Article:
“Hot dogs are universal,” he says. And Heckman should know. At Caddies, sandwiches of both the hot and cold variety are something of a specialty, so believe him when he delivers this bit of culinary news: The latest way to eat a hot dog is with all those cookout sides on top.
Take their top-selling dog, the crab mac ‘n’ cheese dog. It is, as name implies, a hot dog topped with macaroni and cheese and crab meat. Specifically, it’s a Vienna brand hot dog from Chicago with a skin that’s “got a nice bite and snap’’ and which is grilled, and not boiled or broiled, Heckman says. To be fair, all three cooking options are legit. But Caddies grills its dogs.
The macaroni and cheese is baked and has nine types of cheese, because … well, because. Does cheese really need an explanation? “It’s not like a soupy mac ‘n’ cheese. It’s substantial,” Heckman says.
That’s an important factor for the home cooks to note, as these are ideally eaten poolside, on a lawn chair or in whatever resting nook your backyard provides. It is the outdoors, but no dripping please.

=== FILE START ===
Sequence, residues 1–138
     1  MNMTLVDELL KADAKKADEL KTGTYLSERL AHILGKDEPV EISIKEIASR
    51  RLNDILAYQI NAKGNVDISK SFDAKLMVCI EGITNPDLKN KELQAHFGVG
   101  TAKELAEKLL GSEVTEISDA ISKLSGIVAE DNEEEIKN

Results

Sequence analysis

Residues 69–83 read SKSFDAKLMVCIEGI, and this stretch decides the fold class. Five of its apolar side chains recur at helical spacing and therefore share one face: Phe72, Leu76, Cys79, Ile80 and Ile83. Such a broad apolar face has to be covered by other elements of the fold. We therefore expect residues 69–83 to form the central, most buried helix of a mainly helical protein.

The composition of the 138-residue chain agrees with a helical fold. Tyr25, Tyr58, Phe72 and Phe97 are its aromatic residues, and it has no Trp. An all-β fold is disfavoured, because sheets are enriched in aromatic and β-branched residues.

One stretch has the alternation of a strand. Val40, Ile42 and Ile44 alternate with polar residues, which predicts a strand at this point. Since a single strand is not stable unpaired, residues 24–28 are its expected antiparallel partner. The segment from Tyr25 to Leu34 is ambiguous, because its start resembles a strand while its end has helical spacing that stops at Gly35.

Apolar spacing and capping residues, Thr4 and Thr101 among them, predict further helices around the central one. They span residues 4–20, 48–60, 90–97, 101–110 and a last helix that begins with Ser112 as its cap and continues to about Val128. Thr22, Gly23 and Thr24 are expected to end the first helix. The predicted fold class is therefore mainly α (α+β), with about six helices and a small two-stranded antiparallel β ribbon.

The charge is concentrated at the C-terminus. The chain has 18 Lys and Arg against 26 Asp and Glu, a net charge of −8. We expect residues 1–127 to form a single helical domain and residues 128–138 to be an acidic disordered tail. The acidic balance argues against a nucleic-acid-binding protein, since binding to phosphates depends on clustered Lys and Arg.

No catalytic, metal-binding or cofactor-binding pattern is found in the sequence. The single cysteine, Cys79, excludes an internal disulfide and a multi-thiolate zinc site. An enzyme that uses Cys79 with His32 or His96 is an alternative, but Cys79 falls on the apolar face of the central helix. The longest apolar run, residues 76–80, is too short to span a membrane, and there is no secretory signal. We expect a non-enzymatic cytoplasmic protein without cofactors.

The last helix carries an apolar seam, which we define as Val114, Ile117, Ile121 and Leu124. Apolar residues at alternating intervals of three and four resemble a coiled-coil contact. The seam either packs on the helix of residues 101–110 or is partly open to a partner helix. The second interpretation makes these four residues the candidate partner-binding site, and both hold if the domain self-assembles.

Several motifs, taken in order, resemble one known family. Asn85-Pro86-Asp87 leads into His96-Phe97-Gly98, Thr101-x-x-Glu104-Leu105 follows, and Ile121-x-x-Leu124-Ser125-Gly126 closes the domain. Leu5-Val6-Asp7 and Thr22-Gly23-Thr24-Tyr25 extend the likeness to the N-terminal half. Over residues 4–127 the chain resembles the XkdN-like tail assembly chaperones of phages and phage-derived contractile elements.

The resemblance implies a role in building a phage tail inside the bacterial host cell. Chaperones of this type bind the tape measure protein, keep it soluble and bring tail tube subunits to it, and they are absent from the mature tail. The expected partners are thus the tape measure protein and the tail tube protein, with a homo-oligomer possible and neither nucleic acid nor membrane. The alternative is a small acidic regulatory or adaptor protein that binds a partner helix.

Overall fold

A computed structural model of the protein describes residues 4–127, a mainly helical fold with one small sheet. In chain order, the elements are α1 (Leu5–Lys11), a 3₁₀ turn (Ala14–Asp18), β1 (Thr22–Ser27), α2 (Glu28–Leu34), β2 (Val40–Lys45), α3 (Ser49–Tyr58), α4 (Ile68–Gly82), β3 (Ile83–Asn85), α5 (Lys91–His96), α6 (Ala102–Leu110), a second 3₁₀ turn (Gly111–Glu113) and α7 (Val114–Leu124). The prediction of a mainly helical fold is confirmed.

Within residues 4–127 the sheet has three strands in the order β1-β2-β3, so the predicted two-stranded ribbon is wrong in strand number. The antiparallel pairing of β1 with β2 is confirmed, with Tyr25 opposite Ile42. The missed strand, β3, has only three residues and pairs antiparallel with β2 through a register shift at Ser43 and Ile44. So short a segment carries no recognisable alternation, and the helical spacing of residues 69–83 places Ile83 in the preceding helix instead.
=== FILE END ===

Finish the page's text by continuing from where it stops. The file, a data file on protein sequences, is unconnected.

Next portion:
The cheesy pasta is topped with crab meat and then sprinkled with, you guessed it, Old Bay, the world’s best condiment.
While he likes a “plain Jane” hot dog with spicy mustard, onion and relish, Heckman suggests that party planners wrap a dog in bacon and top with guacamole, queso, pico and sour cream. Caddies offered a popular version of this “Sonora dog” at one time, so Heckman can attest to its crowd appeal.
Too complicated? A Western dog has onion, jalapenos and Chipotle ranch. (Chipotle ranch is like the new ketchup in the world of dogs. You heard it here first.)
A Reuben also can be replicated with a hot dog. Wrap the dog in corned beef, add slaw, Swiss cheese and Russian dressing, and you are good to go, Heckman says.
Today’s hot dogs can be “whatever you want.” Pork, beef, veggie. Skin on, skin off. Boil, broiled or grilled. All of it, he says, tastes good.